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Near-Unanimous Senate Approval, ‘Hopefully Soon,’ Predicted for USMCA
The Senate Finance Committee overwhelmingly approved one of President Trump’s top priorities – an updated free trade pact with Canada and Mexico – on Tuesday, with Democrats claiming a share of the credit in a trade victory for the president. U.S. agriculture would see modest increases in exports under the United States-Mexico-Canada Agreement, which maintains duty-free access for most farm exports to the U.S. neighbors.
“I look forward to a vote on the Senate floor for passage, hopefully soon,” said Finance Chairman Charles Grassley of Iowa after the committee cleared the bill on a 25-3 vote. He told reporters that he expected “near unanimous support” when the Senate votes on the bill to implement the USMCA. “If the articles of impeachment [against Trump] don’t come up, I would say by next week for sure,” said Grassley. If the Senate moves to an impeachment trial, “it could be the end of the month,” he said.
Canada and Mexico account for one third of U.S. food and agricultural trade and are the top two agricultural export markets, followed by Japan and China. President Trump and Chinese officials are expected to sign a Phase One agreement next week to de-escalate the Sino-U.S. trade war. Before the trade war, China was the top customer for farm exports. The trade war has cut into overall U.S. farm exports.
Representatives passed the USMCA bill, 385-41, on December 18. Mexico ratified the USMCA last summer. Canada is expected to take up the trinational agreement soon after the United States completes work. The House vote followed months of negotiations between the administration and House Democrats over refinements to labor, environment, pharmaceutical, and enforcement provisions. Senate Democrats, such as Sherrod Brown of Ohio, said they worked with House counterparts on the refinements.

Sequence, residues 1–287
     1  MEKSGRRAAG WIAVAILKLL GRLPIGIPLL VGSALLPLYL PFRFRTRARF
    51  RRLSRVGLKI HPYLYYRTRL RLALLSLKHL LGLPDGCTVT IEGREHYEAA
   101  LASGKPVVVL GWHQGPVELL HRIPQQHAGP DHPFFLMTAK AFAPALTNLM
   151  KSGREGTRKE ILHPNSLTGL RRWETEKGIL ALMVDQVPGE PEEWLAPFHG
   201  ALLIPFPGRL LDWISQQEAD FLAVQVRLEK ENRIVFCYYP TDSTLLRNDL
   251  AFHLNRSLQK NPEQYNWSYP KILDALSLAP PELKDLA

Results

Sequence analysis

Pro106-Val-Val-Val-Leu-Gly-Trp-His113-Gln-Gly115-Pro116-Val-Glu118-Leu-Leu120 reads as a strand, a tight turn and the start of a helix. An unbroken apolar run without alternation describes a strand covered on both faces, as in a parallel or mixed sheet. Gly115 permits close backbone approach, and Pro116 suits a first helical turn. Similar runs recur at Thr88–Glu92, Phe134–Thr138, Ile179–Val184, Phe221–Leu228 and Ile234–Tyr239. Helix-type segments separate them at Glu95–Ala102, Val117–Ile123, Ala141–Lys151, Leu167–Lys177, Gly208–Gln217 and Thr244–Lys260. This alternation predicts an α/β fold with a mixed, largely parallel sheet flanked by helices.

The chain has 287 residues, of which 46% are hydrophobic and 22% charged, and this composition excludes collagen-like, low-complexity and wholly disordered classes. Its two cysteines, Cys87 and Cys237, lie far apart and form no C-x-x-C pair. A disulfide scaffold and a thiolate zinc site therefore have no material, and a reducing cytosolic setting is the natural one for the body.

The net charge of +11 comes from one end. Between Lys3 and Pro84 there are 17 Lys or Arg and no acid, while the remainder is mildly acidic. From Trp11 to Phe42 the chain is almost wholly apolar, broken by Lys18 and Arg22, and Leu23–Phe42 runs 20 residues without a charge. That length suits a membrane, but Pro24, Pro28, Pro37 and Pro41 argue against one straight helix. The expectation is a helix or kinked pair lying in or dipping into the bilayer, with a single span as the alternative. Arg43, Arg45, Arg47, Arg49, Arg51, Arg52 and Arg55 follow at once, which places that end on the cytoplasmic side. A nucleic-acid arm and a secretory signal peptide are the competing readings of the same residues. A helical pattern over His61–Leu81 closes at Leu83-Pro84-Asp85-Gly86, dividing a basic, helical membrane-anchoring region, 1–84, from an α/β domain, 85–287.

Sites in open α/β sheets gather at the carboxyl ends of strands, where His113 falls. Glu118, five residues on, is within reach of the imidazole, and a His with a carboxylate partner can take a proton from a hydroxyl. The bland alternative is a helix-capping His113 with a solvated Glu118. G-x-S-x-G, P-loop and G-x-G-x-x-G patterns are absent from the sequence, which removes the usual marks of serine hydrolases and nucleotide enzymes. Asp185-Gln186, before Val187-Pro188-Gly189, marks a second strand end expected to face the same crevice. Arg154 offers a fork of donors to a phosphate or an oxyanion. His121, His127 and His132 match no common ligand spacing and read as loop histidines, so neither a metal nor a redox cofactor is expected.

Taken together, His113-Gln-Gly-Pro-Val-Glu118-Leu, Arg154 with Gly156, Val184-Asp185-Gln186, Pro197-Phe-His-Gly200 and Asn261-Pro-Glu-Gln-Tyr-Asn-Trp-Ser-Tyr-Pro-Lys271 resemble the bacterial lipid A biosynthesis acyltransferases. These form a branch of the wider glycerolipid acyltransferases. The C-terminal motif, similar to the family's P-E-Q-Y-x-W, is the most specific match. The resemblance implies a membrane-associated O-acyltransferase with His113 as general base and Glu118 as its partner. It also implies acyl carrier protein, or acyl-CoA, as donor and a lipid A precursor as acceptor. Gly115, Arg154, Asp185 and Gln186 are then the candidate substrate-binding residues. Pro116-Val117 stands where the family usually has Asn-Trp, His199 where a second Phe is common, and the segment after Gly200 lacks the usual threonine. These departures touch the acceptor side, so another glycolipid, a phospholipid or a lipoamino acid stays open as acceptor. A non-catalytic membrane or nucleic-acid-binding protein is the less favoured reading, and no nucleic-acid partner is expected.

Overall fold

Farm-state Republicans Steve Daines of Montana and Ben Sasse of Nebraska said the USMCA was a signal to trading partners that the United States is open for business. “What I’m hearing from Kansans is what we need to do is get this trade bill done,” said Senate Agriculture Chairman Pat Roberts, adding, “There’s a lot of trade cactus, trade tariff cactus, out there. I don’t think we need to sit on every (darn) one of them.”
While Republicans applauded Trump for the new North American pact, opening trade negotiations with Japan and challenging China’s trade practices, Oregon Senator Ron Wyden, the senior Democrat on the Finance Committee, said Trump’s trade policy of confrontation and tariffs “is driving away our traditional economic allies…Many foreign markets are more closed off to American exports today than they were on the day the president took office.”
Voting against the bill were two Republicans, Pat Toomey of Pennsylvania and Bill Cassidy of Louisiana, and one Democrat, Sheldon Whitehouse of Rhode Island. All other Finance Committee members voted for it.
The U.S. International Trade Commission has estimated the USMCA would increase annual U.S. food and agriculture exports by $2.2 billion, or 1%, when fully implemented. Dairy exports would rise with Canadian elimination of Class 6 and Class 7 milk-pricing systems that discourage U.S. dairy imports. Canada also would remove a discriminatory wheat-grading system that labels all U.S. wheat as low quality.
“The United States-Mexico-Canada Agreement will protect our valuable trade relationships with our nearest neighbors and return certainty to our markets,” said President Zippy Duvall of the American Farm Bureau Federation. Most U.S. farm groups supported the USMCA.
At least three other Senate committees have jurisdiction over the USMCA bill so it could take a couple of days for them to waive a review, which would allow a Senate vote, said Grassley.
To watch a video of the Finance Committee hearing or to read statements by Grassley and Wyden, text of the USMCA bill, and supporting documents, click here.